A Denver-based nonprofit that teaches kids computer code has keyed up a $200,000 fundraise.
OpenWorld Learning, also called OWL, provides free after-school and summer programs at public schools where a majority of students qualify for free and reduced school lunches.
CEO Lea Ann Reitzig said OWL is planning to use some of its funding to try out new technology, perhaps robotics equipment, new software or a 3-D printer.
“Technology changes all the time and we want to make sure that the tools we’re using to teach the children are the best tools available,” she said.
Reitzig said OWL will consider expanding its programs to new schools once it has enough money to operate in a location for at least two to three years.
Currently, OWL has after-school programs in 17 schools, up from 14 schools last year. That includes 11 Denver schools, four Jefferson County schools and two Aurora schools, Reitzig said.
Each site has about 35 students, and the after-school program runs for three hours a day, Monday through Thursday. OWL also offers classes during the school day at two locations.
OWL students as young as third graders start by learning how to make simple animations – an image of a soccer player scoring a goal, for example – by writing a series of computer commands. Older students in middle school can then opt to apply those skills to robotics, filmmaking and web or graphic design courses.
All told, each site costs about $40,000 to operate, Reitzig said, and employs one site leader and two instructors part-time. OWL has set a goal of increasing its annual budget to $1.3 million or more this year, Reitzig said, from $1 million in 2014. OWL has increased its employees from eight full-time and 35 part-time employees in 2014 to 10 full-time and 40 part-time employees this year.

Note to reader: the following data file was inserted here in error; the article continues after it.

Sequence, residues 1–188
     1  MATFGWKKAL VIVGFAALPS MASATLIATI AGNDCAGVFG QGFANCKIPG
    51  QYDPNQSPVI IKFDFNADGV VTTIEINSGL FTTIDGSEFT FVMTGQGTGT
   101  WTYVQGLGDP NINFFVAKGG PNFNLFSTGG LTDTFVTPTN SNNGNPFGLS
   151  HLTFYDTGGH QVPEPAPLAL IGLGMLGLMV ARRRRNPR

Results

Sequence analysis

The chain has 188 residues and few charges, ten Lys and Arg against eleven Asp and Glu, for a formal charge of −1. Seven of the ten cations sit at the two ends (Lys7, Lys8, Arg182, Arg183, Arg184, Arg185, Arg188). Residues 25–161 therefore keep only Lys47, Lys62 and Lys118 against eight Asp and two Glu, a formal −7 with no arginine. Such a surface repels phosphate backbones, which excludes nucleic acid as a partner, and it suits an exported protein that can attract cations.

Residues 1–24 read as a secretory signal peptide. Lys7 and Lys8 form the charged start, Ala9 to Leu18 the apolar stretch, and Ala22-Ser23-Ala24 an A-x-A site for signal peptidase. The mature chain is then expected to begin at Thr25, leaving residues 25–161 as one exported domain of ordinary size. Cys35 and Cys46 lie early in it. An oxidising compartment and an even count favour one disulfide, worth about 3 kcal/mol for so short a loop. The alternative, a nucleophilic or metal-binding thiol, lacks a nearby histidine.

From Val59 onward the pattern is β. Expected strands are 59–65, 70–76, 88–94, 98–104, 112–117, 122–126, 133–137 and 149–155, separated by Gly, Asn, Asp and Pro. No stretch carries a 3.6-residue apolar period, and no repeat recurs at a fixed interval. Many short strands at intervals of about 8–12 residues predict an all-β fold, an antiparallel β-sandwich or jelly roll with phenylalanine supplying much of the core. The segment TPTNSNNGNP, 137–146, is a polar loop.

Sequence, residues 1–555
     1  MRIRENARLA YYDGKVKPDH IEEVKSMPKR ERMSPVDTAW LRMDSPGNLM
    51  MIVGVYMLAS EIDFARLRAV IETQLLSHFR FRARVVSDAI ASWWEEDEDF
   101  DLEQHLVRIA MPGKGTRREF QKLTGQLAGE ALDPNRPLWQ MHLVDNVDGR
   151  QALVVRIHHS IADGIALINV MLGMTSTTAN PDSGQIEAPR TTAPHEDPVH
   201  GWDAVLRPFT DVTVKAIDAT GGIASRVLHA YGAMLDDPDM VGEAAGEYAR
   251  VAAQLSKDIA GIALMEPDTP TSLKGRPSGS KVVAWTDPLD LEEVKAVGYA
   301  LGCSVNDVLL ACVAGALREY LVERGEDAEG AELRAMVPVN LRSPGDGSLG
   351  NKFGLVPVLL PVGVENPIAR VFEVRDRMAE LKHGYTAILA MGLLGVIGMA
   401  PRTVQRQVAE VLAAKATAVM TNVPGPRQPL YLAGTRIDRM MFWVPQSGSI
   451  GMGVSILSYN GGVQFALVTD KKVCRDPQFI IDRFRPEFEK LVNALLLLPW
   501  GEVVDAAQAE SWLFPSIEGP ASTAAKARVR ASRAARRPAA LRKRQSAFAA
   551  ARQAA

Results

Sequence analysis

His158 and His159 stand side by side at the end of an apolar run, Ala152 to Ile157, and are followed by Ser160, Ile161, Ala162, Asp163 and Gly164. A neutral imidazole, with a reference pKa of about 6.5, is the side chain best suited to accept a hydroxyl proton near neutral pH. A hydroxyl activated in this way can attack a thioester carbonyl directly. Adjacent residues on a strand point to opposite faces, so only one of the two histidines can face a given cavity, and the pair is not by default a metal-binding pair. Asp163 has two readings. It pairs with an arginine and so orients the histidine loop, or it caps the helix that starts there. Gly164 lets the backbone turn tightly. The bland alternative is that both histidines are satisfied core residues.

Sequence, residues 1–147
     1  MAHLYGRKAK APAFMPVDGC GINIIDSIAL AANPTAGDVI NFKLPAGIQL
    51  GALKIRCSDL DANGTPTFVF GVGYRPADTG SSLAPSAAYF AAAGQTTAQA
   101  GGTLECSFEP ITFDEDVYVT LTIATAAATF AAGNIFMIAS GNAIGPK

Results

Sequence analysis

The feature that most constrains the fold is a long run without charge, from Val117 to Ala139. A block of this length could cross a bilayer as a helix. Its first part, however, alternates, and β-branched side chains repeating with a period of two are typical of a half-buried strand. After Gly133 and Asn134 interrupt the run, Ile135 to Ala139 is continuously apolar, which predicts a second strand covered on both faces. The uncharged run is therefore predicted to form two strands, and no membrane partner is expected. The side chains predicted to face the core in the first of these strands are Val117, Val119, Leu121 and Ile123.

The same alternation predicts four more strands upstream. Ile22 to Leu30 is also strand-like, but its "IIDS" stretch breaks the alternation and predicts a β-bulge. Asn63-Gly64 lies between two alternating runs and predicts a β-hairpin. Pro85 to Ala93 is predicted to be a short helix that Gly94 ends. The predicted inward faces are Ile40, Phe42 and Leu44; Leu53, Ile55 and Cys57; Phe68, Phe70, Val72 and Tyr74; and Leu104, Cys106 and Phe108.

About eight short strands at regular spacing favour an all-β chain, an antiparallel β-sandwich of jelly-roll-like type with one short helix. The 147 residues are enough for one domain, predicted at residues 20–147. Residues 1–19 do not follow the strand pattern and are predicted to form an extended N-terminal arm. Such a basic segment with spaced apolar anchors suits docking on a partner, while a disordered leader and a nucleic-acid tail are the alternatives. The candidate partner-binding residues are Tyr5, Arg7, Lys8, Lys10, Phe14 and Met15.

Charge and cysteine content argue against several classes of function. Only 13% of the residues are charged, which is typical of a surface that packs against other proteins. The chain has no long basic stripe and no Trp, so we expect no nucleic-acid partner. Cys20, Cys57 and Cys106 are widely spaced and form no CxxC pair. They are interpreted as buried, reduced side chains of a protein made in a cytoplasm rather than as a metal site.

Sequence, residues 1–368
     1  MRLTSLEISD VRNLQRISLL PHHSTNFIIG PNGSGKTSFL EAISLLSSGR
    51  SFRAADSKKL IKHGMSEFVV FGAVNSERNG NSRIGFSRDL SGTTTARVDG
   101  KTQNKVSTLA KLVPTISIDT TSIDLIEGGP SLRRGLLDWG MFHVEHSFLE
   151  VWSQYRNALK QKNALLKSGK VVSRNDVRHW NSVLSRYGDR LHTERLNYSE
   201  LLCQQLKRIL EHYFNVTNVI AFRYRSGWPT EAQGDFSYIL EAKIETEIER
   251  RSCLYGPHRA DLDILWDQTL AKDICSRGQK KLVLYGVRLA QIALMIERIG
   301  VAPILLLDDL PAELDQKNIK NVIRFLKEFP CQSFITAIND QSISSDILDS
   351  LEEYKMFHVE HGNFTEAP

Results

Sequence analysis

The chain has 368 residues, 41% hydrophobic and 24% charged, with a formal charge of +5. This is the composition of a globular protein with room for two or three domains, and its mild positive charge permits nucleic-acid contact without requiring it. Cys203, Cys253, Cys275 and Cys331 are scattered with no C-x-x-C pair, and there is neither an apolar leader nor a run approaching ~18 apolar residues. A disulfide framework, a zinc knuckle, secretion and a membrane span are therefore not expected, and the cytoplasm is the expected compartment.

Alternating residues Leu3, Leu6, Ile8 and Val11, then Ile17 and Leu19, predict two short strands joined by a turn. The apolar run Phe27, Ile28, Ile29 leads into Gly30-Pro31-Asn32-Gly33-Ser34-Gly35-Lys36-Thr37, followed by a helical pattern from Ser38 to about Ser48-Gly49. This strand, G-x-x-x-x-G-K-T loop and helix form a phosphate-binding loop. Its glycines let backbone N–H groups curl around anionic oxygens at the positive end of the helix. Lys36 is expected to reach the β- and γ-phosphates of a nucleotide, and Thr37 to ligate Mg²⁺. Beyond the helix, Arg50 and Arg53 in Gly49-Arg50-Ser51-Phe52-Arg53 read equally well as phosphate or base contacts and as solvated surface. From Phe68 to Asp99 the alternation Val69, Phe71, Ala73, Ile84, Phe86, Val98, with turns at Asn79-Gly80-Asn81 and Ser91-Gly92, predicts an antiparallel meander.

The nonprofit pulled in revenue of $876,000 in 2014, according to tax forms. It received half of the new fundraiser money from small donations starting in April and the other half from an anonymous donor, said Andrew Castillo, OWL’s development manager. The fundraising campaign ended Nov.1.
OWL’s larger mission, Castillo said, is to get students thinking about their futures. Three of its 10 camps this summer took place on the campuses of local colleges, and OWL has also hosted career panels featuring employees from Google and Hewlett-Packard.
“I can’t guarantee that our students are going to grow up to be engineers or scientists or to work in the STEM fields,” Castillo said. “But what I can guarantee is that they will have the skills to succeed in the 21st century in school and out of school.”